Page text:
RUNNING TIME 110 minutes
WRITTEN By Jody Savin, Ross Schwartz, and Randall Miller
DIRECTED BY Randall Miller
STARRING Bill Pullman, Alan Rickman, Chris Pine, Freddy Rodriguez, Rachael Taylor
Two things I can count on every August: Movies get lousier than they were all year, and I go on vacation. This time, it’s different. I’m still taking a month off, but there are some big surprises at the movies. Most of them are unexpected and underpublicized, some of them boast low budgets and high rewards, a few of them need to be added to your must-see list, and you can start with Bottle Shock, a marvelous, beautifully made, feel-good movie that is guaranteed to revive everyone’s flagging faith in American pride at home and abroad—something in these sorry, perilous times we’re desperately short of.
Talk about novel and unhackneyed themes. Bottle Shock is not a documentary, but it does provide a true account of the actual events in 1976, the year of America’s bicentennial, when a small California vineyard produced a perfect chardonnay that won the international “Judgment of Paris” competitions, changed the course of history and put American wines on the map forever. “Bottle shock” is the term used when a new white wine—properly aged, tested and ready to market for the first time—turns brown inside its bottle before it is uncorked. This used to be a disgrace, a tragedy, and a cause for bankruptcy. But all is not lost. Veteran vintners have learned through experience that if you leave it alone to sit, brown wine sometimes returns to its natural color and flavor in a few days. This is what happened in 1976. In the Napa Valley, a lawyer named Jim Barrett (Bill Pullman) hocked everything to buy a Calistoga vineyard and follow his dream to develop the world’s greatest California chardonnay, named after his Chateau Montelena vineyard. Meanwhile, across the Atlantic, Steven Spurrier (Alan Rickman), a snobbish British wine merchant (and secret admirer of California wines) living in Paris, drummed up a gimmick to save his struggling wine shop: stage a contest, judged by nine carefully chosen French oenophiles, pitting French wines against their Californian counterparts. Bottle Shock re-stages the swirling, sniffing, sipping and spitting of the actual competition, but more interestingly, it catalogs the internecine conflicts that almost prevented the winning chardonnay from crossing the ocean at all.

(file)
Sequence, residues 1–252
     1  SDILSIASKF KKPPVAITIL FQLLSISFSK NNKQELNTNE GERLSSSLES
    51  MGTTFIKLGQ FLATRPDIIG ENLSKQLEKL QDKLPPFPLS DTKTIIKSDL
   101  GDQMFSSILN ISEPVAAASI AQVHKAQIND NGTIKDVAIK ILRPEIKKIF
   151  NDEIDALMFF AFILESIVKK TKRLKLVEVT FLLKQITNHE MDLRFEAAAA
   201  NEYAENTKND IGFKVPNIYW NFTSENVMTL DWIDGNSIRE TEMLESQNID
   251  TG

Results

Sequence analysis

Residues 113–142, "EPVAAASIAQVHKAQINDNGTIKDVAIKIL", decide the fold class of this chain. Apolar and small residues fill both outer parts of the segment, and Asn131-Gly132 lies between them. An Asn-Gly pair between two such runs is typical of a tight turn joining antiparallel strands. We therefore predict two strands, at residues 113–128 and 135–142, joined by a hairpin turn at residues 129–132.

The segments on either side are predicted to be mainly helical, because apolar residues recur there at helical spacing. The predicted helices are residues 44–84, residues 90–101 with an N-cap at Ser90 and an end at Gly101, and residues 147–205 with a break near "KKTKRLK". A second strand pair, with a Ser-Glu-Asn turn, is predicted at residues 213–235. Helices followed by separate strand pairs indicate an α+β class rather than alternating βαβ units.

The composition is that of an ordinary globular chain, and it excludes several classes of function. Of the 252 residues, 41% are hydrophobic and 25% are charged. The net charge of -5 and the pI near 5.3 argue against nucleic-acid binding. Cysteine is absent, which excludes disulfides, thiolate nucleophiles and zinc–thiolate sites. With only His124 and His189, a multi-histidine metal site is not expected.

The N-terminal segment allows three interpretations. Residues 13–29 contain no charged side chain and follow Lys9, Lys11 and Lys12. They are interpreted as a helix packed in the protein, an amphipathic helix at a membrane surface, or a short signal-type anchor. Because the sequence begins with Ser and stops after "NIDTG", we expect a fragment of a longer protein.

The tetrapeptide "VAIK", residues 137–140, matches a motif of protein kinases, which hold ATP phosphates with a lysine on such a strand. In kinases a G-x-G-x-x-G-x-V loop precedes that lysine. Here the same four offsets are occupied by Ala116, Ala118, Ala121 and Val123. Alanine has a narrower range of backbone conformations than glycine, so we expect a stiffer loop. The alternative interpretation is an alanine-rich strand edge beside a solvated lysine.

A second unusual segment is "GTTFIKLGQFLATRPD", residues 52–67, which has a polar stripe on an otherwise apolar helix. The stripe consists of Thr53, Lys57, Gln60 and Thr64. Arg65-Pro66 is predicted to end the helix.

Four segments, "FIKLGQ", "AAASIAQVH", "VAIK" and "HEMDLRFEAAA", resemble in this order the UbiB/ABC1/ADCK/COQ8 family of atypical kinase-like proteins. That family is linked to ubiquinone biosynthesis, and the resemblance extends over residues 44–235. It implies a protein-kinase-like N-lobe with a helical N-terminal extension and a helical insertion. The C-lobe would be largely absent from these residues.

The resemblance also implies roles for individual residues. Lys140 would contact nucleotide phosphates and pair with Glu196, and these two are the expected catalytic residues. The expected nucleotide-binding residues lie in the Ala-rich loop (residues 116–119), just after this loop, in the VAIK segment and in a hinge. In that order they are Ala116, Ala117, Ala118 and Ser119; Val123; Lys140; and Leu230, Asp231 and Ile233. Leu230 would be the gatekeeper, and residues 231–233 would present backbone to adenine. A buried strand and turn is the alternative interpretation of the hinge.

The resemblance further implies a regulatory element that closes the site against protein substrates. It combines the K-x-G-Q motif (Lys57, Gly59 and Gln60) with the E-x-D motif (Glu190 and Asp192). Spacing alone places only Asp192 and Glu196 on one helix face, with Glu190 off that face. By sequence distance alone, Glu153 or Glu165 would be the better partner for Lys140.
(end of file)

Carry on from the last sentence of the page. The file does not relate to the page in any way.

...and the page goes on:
Up to his ears in mortgages and bank loans, Barrett worked day and night to make better wine while Spurrier dodged the barbs of French food critics, sommeliers and his own customers. Two men with nothing in common but their passion for the grape. In Napa, Barrett also had to battle the priorities of his slacker son Bo (Chris Pine); his most loyal worker and Bo’s best friend, Gustavo (Freddy Rodriguez, from Six Feet Under), the Mexican kid who knew so much about wine he could tell the contents and vintage of a bottle just by tasting it; and his pretty new intern Sam (Rachael Taylor), whose affections were divided between both boys, causing friction throughout the vineyard. When Spurrier arrived in Napa, all kinds of hell broke loose. Then the finished product, though exceptional in taste, oxidized and turned brown, and the devastated elder Barrett ordered 500 cases to be destroyed. How the entire vintage of discolored wine was intercepted on its way to the dump, how Bo convinced a planeful of tourists to each carry one bottle of Chateau Montelena to Paris in their carry-on luggage (ah, those were the days!), and how the vineyard was saved from its creditors and Barrett was elevated to the status of global royalty are fertile elements in a story that leaves you cheering.
It’s a great story, and Bottle Shock polishes it off like a rare Mouton Rothschild. From the spectacular backdrops of Napa wine country to the uniformly spot-on performances by his entire cast, director Randall Miller has left no bridge uncrossed in the unfolding saga. Except for a few dramatic liberties (the gorgeous intern Sam, who adds romantic oomph, is fictional), the characters in the story are real, still alive, and acted as invaluable contributors to the meticulous research. Jim Barrett is in his 80s now; his son Bo is in his 50s; and their Chardonnay is still coveted by wine lovers, though it’s in short supply. Their obsession with the art of winemaking is thrillingly captured in a script (by Jody Savin, director Miller, and Ross Schwartz) that makes you feel the soil, smell the vines, taste the body and flavor of the finished product, and appreciate what Galileo meant when he said, “Wine is sunlight held together by